The calm that seems to have settled on the Holy Land could very well be fleeting. The Times of Israel's Judah Ari Gross notes that Palestinians are preparing to riot in celebration of the anniversary of the "March of Return," while Hamas' head calls for violence and the IDF remains on high alert:
IDF Chief of Staff Aviv Kohavi on Wednesday ordered troops along the Gaza border to remain on alert for “various scenarios in the region,” the army said, as Israel prepares for what it fears will be a violent weekend, coinciding with the first anniversary of the Strip’s “Great March of Return” border protests.
This week has seen tensions peak between Israel and the Gaza-ruling Hamas terror group, with massive exchanges of fire. Throughout these bouts, Egyptian military intelligence has been working to try to broker a ceasefire. Israel is reportedly demanding an end not only to rocket fire but to all violence along the border, including regular riots along the security fence and the launching of airborne incendiary and explosive devices into Israel...
On Wednesday afternoon, Hamas chief Ismail Haniyeh came out of hiding for the first time since fighting began and visited the rubble of his office, which was destroyed in an Israeli airstrike on Monday night.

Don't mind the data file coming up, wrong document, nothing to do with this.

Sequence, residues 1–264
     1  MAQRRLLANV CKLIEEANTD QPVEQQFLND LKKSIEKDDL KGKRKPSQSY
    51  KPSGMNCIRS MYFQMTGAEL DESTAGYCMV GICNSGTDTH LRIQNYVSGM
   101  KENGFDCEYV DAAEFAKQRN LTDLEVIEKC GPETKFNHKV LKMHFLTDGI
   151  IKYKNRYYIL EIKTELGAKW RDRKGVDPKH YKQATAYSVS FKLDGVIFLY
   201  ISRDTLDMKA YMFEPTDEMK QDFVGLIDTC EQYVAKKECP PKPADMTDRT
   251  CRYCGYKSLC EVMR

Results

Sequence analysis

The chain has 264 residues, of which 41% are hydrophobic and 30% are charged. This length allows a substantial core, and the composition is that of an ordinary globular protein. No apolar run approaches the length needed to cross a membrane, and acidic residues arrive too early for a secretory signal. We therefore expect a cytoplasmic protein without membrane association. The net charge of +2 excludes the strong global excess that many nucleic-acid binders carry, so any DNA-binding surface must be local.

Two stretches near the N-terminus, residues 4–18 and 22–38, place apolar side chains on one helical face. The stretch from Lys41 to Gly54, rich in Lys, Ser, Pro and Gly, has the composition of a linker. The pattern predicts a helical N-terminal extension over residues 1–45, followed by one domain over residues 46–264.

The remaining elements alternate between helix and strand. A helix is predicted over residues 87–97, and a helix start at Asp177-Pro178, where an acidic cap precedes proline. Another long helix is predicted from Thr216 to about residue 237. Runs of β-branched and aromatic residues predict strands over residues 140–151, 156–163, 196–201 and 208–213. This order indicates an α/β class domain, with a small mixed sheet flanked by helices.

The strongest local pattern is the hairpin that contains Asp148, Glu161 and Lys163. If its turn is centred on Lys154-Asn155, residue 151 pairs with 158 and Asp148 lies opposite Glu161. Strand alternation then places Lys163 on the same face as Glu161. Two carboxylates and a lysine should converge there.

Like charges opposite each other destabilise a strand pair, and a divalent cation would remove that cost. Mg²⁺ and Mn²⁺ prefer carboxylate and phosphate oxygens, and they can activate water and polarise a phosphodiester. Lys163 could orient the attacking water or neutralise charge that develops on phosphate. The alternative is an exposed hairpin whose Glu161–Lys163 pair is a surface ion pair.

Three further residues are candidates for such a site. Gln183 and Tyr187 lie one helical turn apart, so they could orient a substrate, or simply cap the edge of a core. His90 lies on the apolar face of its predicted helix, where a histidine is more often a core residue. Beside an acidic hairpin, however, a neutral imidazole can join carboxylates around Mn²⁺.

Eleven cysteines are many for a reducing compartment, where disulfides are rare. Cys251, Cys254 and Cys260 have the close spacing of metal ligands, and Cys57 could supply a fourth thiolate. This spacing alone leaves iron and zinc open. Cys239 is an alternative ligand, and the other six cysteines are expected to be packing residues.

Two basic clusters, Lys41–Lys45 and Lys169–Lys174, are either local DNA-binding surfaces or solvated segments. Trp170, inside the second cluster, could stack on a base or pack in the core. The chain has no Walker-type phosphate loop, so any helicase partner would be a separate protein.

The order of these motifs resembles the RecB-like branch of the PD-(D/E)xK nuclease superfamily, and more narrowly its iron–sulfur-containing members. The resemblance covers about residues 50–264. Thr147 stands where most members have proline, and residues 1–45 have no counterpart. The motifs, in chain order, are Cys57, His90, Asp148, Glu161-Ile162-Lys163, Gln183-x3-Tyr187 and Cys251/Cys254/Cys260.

In a statement to the press, the chairman of the terror group’s political wing said Israel “got the message” during its latest round of attacks.
Haniyeh called on “our Palestinian people in Gaza, the occupied West Bank, and abroad to participate in Land Day (March 30) and take part in the million-man march...”
The Israeli military is concerned that the one-year anniversary of the first March of Return on Saturday will bring tens of thousands of rioters to the Gaza border threatening to breach the security fence and enter Israeli territory en masse.
Israeli defense officials — as well as Hamas’s political foe the Palestinian Authority — accuse the terror group of encouraging these border riots in an effort to distract from its failures in governing the Gaza Strip, a crowded patch of land with crushing unemployment, limited access to electricity and potable water, and few economic prospects...